On his tenth album (and first as the chairman of Priority Records), Snoop Dogg continues to prove he’s not a relic of the G-funk era, proving that while the music may change, good flow never goes out of style. Right out of the gate, Snoop drops a song for the West Coast Jerkin’ set with “I Wanna Rock” before switching gears back to classic Snoop with the Dre-inspired “2 Minute Warning,” where the rapper lets everyone know he’s still the same Snoop Dogg after all these years as he proclaims, “Ponytail still swingin’, hair still braided/Laker to a Clipper I won’t be faded.” With production by Lil Jon, Timbaland, Danjahandz, Battlecat, and the Neptunes (just to name a handful), it’s no wonder the album sounds like not only a retrospective of every stage of his career, but of the trends in rap music as a whole. With the album touching on his G-funk beginnings with “Secrets,” crunk on the Lil Jon-produced “1800,” the Dirty South on the Soulja Boy collaboration “Pronto,” and his time on the Neptunes-fronted Star Trak on “Special” (featuring guest spots by Pharrell and Brandy), Snoop Dogg is able to prove simultaneously that he’s still relevant while showing off his veteran status. With all the big production on the album, it comes as a bit of a surprise that Snoop shines the brightest on the sparse “Upside Down” (produced by longtime Snoop collaborator Terrance Martin). Sounding like a throwback to “Drop It Like It’s Hot,” the simple arrangement allows Snoop’s easy flow to sit front and center, showing off the effortless style that's kept him in the rap game for nearly half of his life. Malice N Wonderland might not go into the books as a perennial classic like Doggystyle, but like R&G (Rhythm & Gangsta): The Masterpiece and Paid Tha Cost To Be Da Bo$$$ before it, the album serves as a reminder of the flexibility and resilience that have allowed Snoop Dogg to remain an enduring figure in hip-hop. ~ Gregory Heaney

Rap/Hip-Hop - Released January 1, 2010 | Priority Records

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Rap/Hip-Hop - Released January 1, 2004 | Geffen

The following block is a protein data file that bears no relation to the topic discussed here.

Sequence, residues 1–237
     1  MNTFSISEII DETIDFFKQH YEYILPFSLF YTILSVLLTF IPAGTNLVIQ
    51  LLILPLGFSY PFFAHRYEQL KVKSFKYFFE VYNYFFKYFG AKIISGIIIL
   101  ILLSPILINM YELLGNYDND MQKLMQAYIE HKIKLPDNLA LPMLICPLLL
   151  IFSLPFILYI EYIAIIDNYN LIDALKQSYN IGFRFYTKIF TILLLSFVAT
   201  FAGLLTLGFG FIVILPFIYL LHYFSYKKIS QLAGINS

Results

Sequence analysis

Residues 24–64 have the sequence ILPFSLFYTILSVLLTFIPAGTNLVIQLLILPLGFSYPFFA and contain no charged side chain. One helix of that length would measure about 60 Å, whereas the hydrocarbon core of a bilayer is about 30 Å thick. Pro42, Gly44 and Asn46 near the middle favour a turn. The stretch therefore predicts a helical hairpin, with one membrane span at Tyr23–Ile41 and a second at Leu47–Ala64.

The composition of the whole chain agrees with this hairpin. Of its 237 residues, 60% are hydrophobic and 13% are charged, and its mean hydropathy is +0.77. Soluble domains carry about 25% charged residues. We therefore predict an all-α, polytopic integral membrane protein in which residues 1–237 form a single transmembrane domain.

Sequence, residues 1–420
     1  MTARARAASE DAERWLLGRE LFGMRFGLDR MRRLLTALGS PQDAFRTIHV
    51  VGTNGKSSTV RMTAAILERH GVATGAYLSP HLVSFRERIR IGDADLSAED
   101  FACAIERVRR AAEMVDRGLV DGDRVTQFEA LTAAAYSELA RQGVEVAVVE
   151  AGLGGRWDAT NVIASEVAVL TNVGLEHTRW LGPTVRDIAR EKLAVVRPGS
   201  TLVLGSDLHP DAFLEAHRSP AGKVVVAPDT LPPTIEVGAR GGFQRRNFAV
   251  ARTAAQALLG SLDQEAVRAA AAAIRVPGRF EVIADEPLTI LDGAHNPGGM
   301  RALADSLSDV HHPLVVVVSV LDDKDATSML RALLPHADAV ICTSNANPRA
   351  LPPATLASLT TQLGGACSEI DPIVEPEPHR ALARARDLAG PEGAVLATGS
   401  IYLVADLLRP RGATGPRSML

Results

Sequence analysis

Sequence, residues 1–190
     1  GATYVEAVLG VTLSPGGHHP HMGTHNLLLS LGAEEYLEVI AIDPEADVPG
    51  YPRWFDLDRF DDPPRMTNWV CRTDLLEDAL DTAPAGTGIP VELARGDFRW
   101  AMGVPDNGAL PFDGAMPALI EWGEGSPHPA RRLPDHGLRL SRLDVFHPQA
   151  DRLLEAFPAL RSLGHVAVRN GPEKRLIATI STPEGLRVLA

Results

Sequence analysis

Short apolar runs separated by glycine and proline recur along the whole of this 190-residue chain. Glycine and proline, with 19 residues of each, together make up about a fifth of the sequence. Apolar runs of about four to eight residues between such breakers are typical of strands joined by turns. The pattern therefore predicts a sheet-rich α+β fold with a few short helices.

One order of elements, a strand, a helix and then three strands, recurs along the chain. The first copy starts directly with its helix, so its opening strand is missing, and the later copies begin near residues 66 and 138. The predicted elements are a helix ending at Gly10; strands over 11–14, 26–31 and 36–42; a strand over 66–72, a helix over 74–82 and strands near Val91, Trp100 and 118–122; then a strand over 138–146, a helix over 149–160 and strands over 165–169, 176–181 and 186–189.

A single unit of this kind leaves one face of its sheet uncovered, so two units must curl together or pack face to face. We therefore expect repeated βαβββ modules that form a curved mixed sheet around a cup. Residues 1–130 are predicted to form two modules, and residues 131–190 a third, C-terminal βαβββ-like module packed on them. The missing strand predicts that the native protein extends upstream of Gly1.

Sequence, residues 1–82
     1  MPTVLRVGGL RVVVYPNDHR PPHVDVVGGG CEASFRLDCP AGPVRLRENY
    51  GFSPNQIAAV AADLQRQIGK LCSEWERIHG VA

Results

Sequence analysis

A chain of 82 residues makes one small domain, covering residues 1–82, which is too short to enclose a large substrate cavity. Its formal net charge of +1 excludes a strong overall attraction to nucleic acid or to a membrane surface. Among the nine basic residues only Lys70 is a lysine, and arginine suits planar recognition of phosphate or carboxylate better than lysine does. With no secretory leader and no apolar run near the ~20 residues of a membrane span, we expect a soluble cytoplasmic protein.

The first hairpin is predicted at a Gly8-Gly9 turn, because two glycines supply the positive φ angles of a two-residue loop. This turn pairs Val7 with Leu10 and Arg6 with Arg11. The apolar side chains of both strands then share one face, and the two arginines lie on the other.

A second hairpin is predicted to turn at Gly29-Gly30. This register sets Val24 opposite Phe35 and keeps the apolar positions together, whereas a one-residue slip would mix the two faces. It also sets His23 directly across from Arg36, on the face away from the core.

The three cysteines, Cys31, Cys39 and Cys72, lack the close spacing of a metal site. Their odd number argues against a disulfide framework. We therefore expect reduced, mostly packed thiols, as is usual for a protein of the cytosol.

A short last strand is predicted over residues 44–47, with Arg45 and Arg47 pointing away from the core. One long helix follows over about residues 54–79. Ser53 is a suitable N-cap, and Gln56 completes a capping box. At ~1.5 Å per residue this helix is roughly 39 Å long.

Internet leakers caused the release of R&G (Rhythm & Gangsta): The Masterpiece to be pushed up a week, but that just means the world got to bask in the excitement of Snoop's great return for seven extra days. Upon its release, the ultrahot production team the Neptunes' contribution to the killer lead single "Drop It Like It's Hot" had been duly noted, but lost in all the chatter was how inspired and on-fire Snoop sounds. Any fan keeping up with his street-level mixtape series Welcome to the Chuuch could tell you something new and fresh was brewing, and 2002's Paid tha Cost to Be da Bo$$ was excellent, but Snoop's let his fans down before and two years off could mean trouble. Not to be, since Rhythm & Gangsta is right up there with his best while being riskier than anything before it. New sounds like tongue clicks, smooth jazz guitars, and a bit of Steve Miller's "Fly Like an Eagle" give Snoop a brand-new sonic palette to work with, and he's more than ready for it. The up-tempo "Signs" with Justin Timberlake is glittery disco fun, but it ain't gonna keep Snoop from being himself. He's hardcore throughout the album, an album that's got plenty of street and commercial appeal and all the difficulties that comes with it. The numerous youngsters who can't stop singing "Drop It Like It's Hot" are going to freak their parents out with this one. "Can You Control Yo Hoe" is a tough stunner with an inescapable, loopy hook, but Snoop's challenge to the homies is rather disturbing. "If she won't do what you say, why aren't you slapping her?" is the song's direct message that can't be easily brushed off as metaphor, and it's the one that's gonna send mom and dad back to the record store, fuming! Recommending such an album that gets viciously misogynistic -- elsewhere too -- is difficult, but Snoop is fierce throughout Rhythm & Gangsta and putting "Masterpiece" in the title isn't hyperbole. ~ David Jeffries